Creative Education at Projecto Morrinho

Morrinho operates as a space for audiovisual learning, art education, youth leadership, and citizenship education. Morrinho functions as a space for professional and creative education. The goal is to bring positive change to the local community and contribute to the social-cultural and economic development of those who live in Pereirão. Morrinho takes its social practices around to different favelas, partnering with various favela-based programs and schools. During my time with Projeto Morrinho I was given the opportunity to participate in a three-day workshop with them in Santa Marta, Rio’s steepest favela.


Santa Marta seen from a cablecar


Engagement: Santa Marta Workshop

About two weeks into working with the organization, fellow New School students Josh, Magdiela and I joined Cirlan, Savio, Honey, and Denise4 for a workshop that they were organizing with the community of Santa Marta. Santa Marta also known as Dona Marta, is a favela located in zona sul in between Laranjeiras and the neighborhood Botofogo. The favela is well known because in 1996 Michael Jackson filmed his video for the song “They Don’t Care about Us” at the top. The favela is one of the steepest in the city and a major recent infrastructure improvement was the construction of a funicular, a cable car that transports residents from near the entrance to locations with higher altitude.

In 2008 the favela began to host one of the city’s first Police Pacifying Units. Santa Marta has about 8000 residents, with 500 wooden houses, 2000 brick houses, 4 kindergartens, 3 bakeries, 2 sports fields, 1 block of a samba school, 3 military units and 1 small market. The favela is one of the steepest in the city. The favela is one that is frequented by tourists guided in groups who can shop at local gift stores and visit the famous Michael Jackson square, a public space among the poorest homes in that favela but with the best view of the city. While Santa Marta is pitched as Rio’s Model Favela, residents mentioned hostile relationships forming if they do not say good morning to the police every morning. “People around here are more afraid of the police then they ever were of the drug gang,” a feeling that even as an outsider resonates with me. By this time in the project we had become comfortable with walking up to Pereirão and would pass the boca do fumo and look out boys daily acknowledging the traffickers with a “bom dia or a boã tarde.” The first day that we got to the favela we were waiting for Cirlan to come to the entrance before we went up. While there was a tourism booth at the bottom there were also groups of 5-6 military police heavily armed. We all were hesitant to enter the favela, even though it is known as a “model favela.” A tour guide, a small white woman came up and asked us if she could take us up to the favela, when we denied her guidance because we were waiting for Cirlan to come get us at the entrance, she immediately started asking us why we were so afraid of the favela. I felt a sense of remorse when we realized she was working in collaboration with Morrinho and that we did not trust her from the start, but we had been taught by cariocas to be skeptical and aware when crossing the boundaries between the asphalt and the morro.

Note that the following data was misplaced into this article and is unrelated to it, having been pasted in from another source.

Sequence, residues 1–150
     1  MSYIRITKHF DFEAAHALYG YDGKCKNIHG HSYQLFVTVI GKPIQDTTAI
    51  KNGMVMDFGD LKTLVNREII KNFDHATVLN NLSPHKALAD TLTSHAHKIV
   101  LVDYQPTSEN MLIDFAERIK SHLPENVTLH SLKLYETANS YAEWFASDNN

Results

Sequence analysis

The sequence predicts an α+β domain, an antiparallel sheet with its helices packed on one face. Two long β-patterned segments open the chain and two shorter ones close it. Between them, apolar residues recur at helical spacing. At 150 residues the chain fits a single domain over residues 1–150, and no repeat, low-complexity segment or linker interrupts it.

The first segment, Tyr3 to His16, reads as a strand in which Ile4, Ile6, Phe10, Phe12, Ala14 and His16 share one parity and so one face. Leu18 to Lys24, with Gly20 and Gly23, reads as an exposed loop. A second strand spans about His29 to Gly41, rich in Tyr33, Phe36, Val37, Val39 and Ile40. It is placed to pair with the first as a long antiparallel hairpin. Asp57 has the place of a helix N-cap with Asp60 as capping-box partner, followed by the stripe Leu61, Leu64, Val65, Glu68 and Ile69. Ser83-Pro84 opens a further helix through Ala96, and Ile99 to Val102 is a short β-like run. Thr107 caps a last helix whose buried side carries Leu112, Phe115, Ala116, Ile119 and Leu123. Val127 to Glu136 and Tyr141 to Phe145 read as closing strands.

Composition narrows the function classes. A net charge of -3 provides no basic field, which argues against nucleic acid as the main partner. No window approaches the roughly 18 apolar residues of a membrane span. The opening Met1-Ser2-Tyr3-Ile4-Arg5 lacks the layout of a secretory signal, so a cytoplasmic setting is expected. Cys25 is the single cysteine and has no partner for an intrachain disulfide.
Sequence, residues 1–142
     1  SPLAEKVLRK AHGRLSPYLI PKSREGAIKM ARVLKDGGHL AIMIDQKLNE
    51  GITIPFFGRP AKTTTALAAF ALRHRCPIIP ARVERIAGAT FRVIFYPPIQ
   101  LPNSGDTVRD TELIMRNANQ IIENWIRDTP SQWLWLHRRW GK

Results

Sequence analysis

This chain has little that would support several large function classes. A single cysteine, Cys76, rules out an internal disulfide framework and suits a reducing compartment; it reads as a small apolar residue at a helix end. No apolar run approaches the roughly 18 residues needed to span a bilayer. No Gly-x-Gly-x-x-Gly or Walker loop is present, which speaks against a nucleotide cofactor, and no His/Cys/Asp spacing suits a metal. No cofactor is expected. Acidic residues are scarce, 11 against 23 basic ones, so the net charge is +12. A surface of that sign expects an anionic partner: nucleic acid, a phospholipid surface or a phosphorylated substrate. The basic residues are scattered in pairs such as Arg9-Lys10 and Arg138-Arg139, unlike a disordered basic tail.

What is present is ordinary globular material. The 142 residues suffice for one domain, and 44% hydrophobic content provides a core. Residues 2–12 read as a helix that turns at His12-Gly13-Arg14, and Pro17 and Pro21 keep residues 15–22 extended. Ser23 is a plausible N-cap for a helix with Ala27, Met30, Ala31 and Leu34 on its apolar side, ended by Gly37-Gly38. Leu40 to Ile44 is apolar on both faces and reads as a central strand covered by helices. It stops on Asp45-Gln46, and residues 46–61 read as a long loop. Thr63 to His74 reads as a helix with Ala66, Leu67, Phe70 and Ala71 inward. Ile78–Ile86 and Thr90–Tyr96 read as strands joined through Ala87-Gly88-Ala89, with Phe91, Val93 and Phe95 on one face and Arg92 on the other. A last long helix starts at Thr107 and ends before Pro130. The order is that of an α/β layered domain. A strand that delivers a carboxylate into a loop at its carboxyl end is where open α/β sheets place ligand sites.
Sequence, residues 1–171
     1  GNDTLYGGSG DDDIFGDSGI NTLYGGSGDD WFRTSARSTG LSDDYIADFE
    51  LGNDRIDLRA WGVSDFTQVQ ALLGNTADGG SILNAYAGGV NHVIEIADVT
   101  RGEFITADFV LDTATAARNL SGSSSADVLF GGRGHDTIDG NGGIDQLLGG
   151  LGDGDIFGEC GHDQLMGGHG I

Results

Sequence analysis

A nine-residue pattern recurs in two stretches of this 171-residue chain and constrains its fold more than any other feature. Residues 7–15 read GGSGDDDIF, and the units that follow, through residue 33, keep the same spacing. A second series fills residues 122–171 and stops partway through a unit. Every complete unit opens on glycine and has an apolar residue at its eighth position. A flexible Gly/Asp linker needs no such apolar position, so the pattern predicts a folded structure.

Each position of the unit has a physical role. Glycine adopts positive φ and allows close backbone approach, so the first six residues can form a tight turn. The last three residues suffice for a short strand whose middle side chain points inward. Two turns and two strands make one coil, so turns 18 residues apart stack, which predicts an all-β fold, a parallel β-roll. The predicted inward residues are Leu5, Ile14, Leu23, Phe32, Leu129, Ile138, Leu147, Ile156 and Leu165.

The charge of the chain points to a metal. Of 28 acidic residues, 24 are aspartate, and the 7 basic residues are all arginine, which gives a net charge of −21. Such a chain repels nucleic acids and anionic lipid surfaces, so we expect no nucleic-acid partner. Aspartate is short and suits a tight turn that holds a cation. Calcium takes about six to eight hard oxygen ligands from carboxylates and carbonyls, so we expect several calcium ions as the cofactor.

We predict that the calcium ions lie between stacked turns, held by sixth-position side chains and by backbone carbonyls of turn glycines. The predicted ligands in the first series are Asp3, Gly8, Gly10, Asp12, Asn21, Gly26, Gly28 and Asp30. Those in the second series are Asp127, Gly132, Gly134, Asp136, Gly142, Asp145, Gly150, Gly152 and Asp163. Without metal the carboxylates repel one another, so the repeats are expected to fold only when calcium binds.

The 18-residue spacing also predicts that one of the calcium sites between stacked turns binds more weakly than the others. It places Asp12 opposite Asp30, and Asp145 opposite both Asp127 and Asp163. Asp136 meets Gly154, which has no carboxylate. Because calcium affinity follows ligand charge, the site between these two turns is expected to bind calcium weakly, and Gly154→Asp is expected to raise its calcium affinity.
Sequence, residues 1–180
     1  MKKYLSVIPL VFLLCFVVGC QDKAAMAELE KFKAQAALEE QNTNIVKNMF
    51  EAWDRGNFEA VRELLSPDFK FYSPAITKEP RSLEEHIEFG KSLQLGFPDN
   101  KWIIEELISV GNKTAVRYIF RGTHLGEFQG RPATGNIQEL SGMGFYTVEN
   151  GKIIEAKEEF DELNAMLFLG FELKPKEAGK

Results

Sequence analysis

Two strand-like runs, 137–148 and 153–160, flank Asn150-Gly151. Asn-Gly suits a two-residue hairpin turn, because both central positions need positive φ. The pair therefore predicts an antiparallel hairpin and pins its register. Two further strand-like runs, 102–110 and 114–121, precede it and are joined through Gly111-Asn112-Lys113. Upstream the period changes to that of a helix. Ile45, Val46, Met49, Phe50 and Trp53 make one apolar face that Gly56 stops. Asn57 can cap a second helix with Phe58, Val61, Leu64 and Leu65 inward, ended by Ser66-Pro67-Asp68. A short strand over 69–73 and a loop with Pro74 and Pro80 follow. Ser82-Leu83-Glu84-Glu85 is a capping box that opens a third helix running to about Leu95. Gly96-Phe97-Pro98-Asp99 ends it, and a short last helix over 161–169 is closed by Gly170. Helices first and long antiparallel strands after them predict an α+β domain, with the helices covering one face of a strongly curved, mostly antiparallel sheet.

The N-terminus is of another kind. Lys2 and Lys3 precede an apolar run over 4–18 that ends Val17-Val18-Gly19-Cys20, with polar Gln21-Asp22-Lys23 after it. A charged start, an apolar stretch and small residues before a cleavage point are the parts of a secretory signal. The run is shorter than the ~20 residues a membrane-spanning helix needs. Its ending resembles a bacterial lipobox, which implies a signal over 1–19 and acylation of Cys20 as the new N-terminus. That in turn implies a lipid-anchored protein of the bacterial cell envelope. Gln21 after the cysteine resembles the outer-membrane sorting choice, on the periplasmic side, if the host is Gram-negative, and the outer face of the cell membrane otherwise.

The workshop was three days. The first day we were tasked with carrying the Bahia Bricks from the entrance up the stairs to a little courtyard underneath the cable car station. The first day was the workshop where the artists showed the children the process of breaking the bricks and making them into houses for Morrinho. After several hours of painting, the youth finished and we stayed with the artists to finish the remaining bricks. The following day we spent much of the day avoiding the rain, the goal was to bring the bricks down to the station but if they got rained on the paint would smear and all of the work would be ruined. This day was very informative because we spent most of it with the artists and the women involved with the workshop eating sandwiches and talking about life. I asked one woman, for the purposes of this paper I will call her Luisa, how long she had been living in Santa Marta and she responded that she had moved there three months ago in hope that it would be safer for her children. She had left her previous home in Santa Teresa because one day her husband was shot dead at the door to their home in front of her children. He had been mistaken for a drug trafficker. Luisa’s story is one that is similar to many women living in Rio de Janeiro. She said the hardest part about living in Santa Marta is passing the occupying police force every day, forced to say good morning. She had three children participating in the workshop with Morrinho. We spent the rest of the day carrying bricks to the station. The workshop concluded with a block party showcasing the new installation of Morrinho and performances of Santa Marta Music School. There were hundreds of people there, maybe thousands, hard to distinguish who was there for the block party and who was there just to take the cable car home.

A very interesting part of the performances was an anti-drug skit presented by the mimes and theater-Morrinho, a component of the project I was only exposed to this time. I expected for this to be similar to the DARE presentations I endured during primary school but I was pleasantly surprised at how effective it was. There were two clowns, both who used some drugs at a club at the beginning of the skit, visibly having a great time. One clown fell into addiction, a role acted by a girl dressed in all black with dark makeup. At the end, the clown reached out his hand and all of the children ran over to him to pull him out, something that definitely was not planned. It was so beautiful and moving and I just thought it was such an interesting form of anti-drug education.

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